Where the Dem Candidates Stand on Health Care
As Iowa Democrats prepare to pick their party’s first winner in the presidential primary, the candidates’ approach to health care remains one of the most substantial and potentially divisive issues voters will have to face. Here’s a brief review of where the candidates stand on Medicare for All, the proposed sweeping overhaul of the U.S. health-care system that has served as a point of contention during the campaign:
Bernie Sanders: The Vermont senator is the most vocal supporter of Medicare for All, which he says would end up saving money for the country overall, despite its enormous price tag. Sanders wants to ban private insurance and eliminate out-of-pocket spending for patients, while covering a wider array of services than the current Medicare system. “The ambitious proposal would cost more than $30 trillion over 10 years, according to independent analyses,” Reuters’ Joseph Ax writes.
Elizabeth Warren: The Massachusetts senator also supports Medicare for All and has released a detailed plan for financing it. Facing pushback on her proposal, Warren released a transition plan for moving to a single-payer system more gradually over several years. “That proposal drew some criticism from the left, with Sanders supporters claiming she had backed down from her Medicare for All stance,” Ax says. “Warren has said she remains committed to Medicare for All and that her plan would provide more coverage to more Americans in a shorter time frame.”
Joe Biden: The former vice president says he wants to expand the Affordable Care Act by offering a public option for insurance. “His healthcare plan, estimated to cost $750 billion over 10 years and paid for partly by higher taxes on the wealthy, would let people enroll in a paid government healthcare plan as an alternative to private insurance,” Ax writes.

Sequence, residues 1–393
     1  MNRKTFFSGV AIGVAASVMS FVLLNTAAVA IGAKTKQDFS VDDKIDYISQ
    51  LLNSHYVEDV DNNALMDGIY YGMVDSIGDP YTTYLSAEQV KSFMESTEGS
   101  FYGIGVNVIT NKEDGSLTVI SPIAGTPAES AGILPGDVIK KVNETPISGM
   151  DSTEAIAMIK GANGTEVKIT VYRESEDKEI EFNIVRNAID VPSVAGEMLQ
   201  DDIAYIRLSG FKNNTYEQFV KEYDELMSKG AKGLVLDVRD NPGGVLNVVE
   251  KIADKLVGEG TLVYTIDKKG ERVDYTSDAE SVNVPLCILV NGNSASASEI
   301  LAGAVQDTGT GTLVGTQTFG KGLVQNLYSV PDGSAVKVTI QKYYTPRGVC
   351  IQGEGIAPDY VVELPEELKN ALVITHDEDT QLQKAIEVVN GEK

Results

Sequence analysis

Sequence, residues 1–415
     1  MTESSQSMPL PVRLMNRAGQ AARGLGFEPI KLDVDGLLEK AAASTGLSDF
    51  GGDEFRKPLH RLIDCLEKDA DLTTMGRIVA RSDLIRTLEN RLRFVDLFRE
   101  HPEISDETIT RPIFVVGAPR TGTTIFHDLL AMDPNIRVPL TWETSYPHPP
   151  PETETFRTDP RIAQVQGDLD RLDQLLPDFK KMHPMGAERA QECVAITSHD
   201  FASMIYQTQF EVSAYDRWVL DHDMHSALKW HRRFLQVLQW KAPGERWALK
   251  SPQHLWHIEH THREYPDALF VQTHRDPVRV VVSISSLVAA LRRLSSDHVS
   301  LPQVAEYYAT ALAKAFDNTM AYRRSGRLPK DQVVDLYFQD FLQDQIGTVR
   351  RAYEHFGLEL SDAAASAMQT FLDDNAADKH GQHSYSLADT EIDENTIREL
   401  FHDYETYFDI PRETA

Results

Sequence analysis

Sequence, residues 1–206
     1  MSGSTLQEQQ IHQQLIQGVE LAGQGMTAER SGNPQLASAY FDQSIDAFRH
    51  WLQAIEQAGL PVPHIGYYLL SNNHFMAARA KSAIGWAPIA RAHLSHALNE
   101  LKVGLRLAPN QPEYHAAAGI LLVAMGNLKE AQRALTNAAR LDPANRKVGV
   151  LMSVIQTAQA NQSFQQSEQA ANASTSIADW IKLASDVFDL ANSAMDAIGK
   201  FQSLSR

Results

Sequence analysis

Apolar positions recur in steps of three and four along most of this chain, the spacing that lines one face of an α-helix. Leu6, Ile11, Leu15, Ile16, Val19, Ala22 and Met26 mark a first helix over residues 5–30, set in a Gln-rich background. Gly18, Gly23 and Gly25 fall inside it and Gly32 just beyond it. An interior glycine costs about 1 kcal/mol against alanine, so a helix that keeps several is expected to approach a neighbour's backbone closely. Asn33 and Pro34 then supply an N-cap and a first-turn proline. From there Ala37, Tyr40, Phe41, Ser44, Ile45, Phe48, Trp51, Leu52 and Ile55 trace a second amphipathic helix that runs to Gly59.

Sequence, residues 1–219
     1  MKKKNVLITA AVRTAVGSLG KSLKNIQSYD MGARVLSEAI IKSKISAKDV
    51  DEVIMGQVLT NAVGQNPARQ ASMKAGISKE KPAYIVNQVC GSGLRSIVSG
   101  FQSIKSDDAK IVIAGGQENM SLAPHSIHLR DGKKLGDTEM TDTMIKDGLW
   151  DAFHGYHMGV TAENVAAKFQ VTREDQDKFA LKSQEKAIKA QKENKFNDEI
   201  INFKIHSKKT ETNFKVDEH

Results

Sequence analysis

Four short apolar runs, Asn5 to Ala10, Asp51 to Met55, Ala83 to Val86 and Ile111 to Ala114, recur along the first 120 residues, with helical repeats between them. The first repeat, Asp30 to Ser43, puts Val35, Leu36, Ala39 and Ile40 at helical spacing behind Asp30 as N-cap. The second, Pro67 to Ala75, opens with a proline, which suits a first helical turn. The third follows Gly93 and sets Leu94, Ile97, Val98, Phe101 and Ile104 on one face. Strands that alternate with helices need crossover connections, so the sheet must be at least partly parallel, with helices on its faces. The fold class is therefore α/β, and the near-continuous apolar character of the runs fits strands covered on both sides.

Michael Bloomberg: The former mayor of New York City says Medicare for All is unaffordable and proposes to offer a public option for insurance that exists alongside the current employment-based system. His plan would cost $1 trillion over 10 years.
Pete Buttigieg: The former mayor of South Bend, Indiana, has proposed a public option he describes as “Medicare for all who want it.” Buttigieg says that over time, that option would result in a single-payer system as more Americans sign up for cheaper and more efficient Medicare. His plan would cost $1.5 trillion over 10 years.
Amy Klobuchar: The centrist Minnesota senator says that Medicare for All is a “pipe dream,” and would instead offer a public option through either Medicare or Medicaid, paid for in part by raising taxes on the wealthy.
Andrew Yang: The tech entrepreneur says he supports the “spirit” of Medicare for All and wants to provide a public option to give people the freedom to leave their jobs. However, he does not want to ban private insurers.
Tom Steyer: The finance billionaire has proposed a public option that would cost $1.5 trillion over 10 years.